Omaha judge reprimanded for intervening in peer attorney's DUI case
Intoxicated man with pellet gun climbs billboard's scaffold; is arrested
Police seek public's help in finding an armed man
Saturday forecast opens window for gardening; Easter egg hunts look iffy on Sunday
Database: How much did Medicare pay your doctor?
Last day of 2014 Legislature: Praise, passage of a last few bills and more on mountain lions
New public employee pay data: Douglas, Lancaster, Sarpy Counties, plus utilities
A voice of experience: Ex-gang member helps lead fight against Omaha violence
Church is pressing its case for old Temple Israel site
OPPD board holding public forum, open house May 7
The thrill of the skill: Omaha hosts statewide contest for students of the trades
A recap of what got done — and what didn't — in the 2014 legislative session
When judge asks, Nikko Jenkins says ‘I killed them’
Nancy's Almanac, April 17, 2014: Trees save money
'The war is not over,' Chambers says, but legislative session about is
PAC funded by Senate candidate Ben Sasse's great-uncle releases Shane Osborn attack ad
Teen killed at Gallagher Park was shot in head as he sat in SUV, friend who was wounded says
< >
Breaking Brad: Stuck in a claw machine? You get no Easter candy
I know of one kid in Lincoln who will be receiving a lump of coal from the Easter Bunny, just as soon as he's extricated from that bowling alley claw machine.
Breaking Brad: Mountain lion season's over, but the bunny's fair game!
Thursday was the last day of a Nebraska Legislature session. Before leaving town, legislators passed a bill to hold a lottery to hunt the Easter Bunny.
Breaking Brad: At least my kid never got stuck inside a claw machine
We need a new rule in Lincoln. If your kid is discovered inside the claw machine at a bowling alley, you are forever barred from being nominated for "Mother of the Year."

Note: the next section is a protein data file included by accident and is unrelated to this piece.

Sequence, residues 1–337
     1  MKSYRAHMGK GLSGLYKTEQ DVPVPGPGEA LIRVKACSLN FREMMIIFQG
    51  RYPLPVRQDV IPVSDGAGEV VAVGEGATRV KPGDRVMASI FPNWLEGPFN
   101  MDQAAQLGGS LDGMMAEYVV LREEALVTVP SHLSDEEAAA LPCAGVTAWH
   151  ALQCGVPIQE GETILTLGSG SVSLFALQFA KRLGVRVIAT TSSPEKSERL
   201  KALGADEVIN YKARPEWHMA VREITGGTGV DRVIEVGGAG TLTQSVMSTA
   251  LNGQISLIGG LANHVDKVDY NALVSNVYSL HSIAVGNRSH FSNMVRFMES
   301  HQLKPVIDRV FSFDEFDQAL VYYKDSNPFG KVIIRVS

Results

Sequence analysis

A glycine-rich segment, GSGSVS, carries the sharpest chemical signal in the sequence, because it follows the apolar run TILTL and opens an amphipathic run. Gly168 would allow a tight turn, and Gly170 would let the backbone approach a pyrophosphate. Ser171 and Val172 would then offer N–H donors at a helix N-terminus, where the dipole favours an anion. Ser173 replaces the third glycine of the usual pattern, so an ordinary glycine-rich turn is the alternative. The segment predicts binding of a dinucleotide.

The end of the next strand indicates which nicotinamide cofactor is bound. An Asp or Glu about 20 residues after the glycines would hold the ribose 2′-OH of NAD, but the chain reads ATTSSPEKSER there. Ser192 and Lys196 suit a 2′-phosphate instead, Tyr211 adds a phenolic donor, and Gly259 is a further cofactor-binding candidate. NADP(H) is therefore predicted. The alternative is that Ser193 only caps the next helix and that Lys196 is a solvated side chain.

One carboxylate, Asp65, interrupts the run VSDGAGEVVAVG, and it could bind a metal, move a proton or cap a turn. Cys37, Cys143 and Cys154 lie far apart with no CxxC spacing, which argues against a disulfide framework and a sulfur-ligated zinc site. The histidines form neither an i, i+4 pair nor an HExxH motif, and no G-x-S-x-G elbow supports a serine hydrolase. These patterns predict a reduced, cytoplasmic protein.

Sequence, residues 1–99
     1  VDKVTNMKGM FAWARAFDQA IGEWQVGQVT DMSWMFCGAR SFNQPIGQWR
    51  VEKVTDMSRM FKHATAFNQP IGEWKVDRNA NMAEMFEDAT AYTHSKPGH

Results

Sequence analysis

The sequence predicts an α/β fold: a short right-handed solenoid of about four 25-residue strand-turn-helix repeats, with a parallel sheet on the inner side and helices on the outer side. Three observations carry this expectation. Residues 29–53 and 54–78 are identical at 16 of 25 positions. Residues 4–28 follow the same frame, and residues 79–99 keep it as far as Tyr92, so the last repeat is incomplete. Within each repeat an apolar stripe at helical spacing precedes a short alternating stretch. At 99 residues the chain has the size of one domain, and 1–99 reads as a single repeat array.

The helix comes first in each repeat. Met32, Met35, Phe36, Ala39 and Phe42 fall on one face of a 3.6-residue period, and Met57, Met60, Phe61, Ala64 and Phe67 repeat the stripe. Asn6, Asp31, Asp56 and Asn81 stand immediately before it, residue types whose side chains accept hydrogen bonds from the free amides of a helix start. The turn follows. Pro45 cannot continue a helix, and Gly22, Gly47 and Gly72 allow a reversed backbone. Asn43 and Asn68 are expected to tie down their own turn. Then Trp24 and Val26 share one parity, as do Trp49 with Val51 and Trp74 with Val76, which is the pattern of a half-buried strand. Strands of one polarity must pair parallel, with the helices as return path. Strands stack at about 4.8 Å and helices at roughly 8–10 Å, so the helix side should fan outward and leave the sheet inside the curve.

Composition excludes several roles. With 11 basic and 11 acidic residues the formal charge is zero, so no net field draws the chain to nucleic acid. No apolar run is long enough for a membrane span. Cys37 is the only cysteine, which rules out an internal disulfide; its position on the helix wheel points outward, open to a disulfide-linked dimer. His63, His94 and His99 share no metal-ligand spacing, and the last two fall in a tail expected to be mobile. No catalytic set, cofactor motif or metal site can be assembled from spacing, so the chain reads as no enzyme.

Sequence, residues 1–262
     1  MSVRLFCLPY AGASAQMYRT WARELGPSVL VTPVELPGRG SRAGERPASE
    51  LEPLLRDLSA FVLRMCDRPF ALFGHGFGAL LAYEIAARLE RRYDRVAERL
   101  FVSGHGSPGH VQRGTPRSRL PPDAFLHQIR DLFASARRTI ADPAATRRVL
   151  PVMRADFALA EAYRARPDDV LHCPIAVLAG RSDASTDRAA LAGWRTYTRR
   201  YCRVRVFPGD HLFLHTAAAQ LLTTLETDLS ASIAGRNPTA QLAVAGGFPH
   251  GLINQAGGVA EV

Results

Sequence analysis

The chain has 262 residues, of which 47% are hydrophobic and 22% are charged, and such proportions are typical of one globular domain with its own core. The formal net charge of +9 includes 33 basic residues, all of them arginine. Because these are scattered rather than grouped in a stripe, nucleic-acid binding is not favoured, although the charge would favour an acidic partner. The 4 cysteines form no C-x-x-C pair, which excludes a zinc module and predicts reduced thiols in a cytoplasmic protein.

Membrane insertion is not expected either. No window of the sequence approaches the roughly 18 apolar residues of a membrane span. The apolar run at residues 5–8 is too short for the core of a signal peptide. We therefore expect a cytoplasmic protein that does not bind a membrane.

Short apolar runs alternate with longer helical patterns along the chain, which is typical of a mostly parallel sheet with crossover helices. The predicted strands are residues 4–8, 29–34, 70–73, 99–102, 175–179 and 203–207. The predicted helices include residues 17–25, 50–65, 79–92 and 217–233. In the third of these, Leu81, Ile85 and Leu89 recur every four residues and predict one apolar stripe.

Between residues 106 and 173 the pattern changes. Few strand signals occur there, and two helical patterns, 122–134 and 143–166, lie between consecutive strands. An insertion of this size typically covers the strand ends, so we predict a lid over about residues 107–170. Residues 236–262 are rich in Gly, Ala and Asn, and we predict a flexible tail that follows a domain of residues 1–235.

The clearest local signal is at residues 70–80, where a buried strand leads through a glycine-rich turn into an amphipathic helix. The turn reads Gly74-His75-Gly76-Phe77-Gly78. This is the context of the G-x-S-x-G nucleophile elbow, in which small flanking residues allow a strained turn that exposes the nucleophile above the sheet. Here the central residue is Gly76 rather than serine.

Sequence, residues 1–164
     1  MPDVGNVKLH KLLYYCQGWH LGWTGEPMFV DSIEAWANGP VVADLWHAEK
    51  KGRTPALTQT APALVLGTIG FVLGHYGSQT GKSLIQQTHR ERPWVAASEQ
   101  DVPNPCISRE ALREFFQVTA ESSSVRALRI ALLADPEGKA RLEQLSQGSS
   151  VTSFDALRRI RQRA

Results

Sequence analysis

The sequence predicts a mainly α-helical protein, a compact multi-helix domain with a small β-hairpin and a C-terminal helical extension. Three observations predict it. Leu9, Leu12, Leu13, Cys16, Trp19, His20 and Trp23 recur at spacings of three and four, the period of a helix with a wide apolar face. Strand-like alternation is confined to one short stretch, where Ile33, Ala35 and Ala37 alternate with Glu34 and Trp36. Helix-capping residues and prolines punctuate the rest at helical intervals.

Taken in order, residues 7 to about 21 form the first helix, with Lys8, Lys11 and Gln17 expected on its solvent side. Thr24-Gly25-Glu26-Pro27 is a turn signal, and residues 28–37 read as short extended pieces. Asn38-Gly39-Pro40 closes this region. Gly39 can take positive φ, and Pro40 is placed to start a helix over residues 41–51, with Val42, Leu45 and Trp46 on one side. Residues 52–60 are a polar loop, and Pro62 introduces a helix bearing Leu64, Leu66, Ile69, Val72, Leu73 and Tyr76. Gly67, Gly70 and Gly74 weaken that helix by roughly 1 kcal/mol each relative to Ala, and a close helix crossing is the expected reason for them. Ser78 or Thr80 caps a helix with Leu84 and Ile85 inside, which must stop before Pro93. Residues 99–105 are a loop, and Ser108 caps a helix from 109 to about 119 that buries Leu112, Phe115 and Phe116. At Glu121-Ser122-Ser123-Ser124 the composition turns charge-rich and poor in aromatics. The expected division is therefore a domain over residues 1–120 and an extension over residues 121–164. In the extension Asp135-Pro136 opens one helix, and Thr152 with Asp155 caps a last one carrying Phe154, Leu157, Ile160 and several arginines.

Breaking Brad: How many MECA board members can we put in a luxury suite?
As a stunt at the Blue Man Group show, MECA board members are going to see how many people they can stuff into one luxury suite.
Kelly: Creighton's McDermotts put good faces on an Omaha tradition
A comical roast Wednesday night in Omaha brought fans of Creighton basketball laughter by the bucketful. This time it was McJokes, not McBuckets, that entertained the Bluejay crowd.
Deadline Deal thumbnail
The Jaipur in Rockbrook Village
Half Off Fine Indian Cuisine & Drinks! $15 for Dinner, or $7 for Lunch
Buy Now
< >
Omaha World-Herald Contests
Enter for a chance to win great prizes.
OWH Store: Buy photos, books and articles
Buy photos, books and articles
Travel Snaps Photo
Going on Vacation? Take the Omaha World-Herald with you and you could the next Travel Snaps winner.
Click here to donate to Goodfellows
The 2011 Goodfellows fund drive provided holiday meals to nearly 5,000 families and their children, and raised more than $500,000 to help families in crisis year round.
Want to get World-Herald stories sent directly to your home or work computer? Sign up for Omaha.com's News Alerts and you will receive e-mails with the day's top stories.
Can't find what you need? Click here for site map »